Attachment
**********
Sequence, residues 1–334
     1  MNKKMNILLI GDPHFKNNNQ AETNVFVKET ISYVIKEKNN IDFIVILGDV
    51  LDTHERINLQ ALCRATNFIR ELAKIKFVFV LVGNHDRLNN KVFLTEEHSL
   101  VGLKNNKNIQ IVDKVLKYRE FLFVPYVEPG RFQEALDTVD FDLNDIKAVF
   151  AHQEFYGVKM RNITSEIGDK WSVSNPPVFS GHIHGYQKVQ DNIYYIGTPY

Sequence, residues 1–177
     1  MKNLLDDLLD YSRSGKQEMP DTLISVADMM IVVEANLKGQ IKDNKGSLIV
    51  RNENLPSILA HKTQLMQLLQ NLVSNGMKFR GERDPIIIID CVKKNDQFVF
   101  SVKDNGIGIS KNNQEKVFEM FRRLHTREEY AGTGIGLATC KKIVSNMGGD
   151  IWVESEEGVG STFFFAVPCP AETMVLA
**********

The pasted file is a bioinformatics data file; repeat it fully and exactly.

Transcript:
Sequence, residues 1–334
     1  MNKKMNILLI GDPHFKNNNQ AETNVFVKET ISYVIKEKNN IDFIVILGDV
    51  LDTHERINLQ ALCRATNFIR ELAKIKFVFV LVGNHDRLNN KVFLTEEHSL
   101  VGLKNNKNIQ IVDKVLKYRE FLFVPYVEPG RFQEALDTVD FDLNDIKAVF
   151  AHQEFYGVKM RNITSEIGDK WSVSNPPVFS GHIHGYQKVQ DNIYYIGTPY

Sequence, residues 1–177
     1  MKNLLDDLLD YSRSGKQEMP DTLISVADMM IVVEANLKGQ IKDNKGSLIV
    51  RNENLPSILA HKTQLMQLLQ NLVSNGMKFR GERDPIIIID CVKKNDQFVF
   101  SVKDNGIGIS KNNQEKVFEM FRRLHTREEY AGTGIGLATC KKIVSNMGGD
   151  IWVESEEGVG STFFFAVPCP AETMVLA